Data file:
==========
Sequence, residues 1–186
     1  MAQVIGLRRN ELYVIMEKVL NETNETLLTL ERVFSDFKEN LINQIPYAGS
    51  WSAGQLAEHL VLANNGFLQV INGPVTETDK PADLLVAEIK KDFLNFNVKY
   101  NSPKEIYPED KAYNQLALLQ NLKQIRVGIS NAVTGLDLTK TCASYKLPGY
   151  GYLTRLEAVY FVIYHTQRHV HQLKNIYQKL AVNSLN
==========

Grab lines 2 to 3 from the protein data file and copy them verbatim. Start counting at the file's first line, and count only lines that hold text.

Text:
     1  MAQVIGLRRN ELYVIMEKVL NETNETLLTL ERVFSDFKEN LINQIPYAGS
    51  WSAGQLAEHL VLANNGFLQV INGPVTETDK PADLLVAEIK KDFLNFNVKY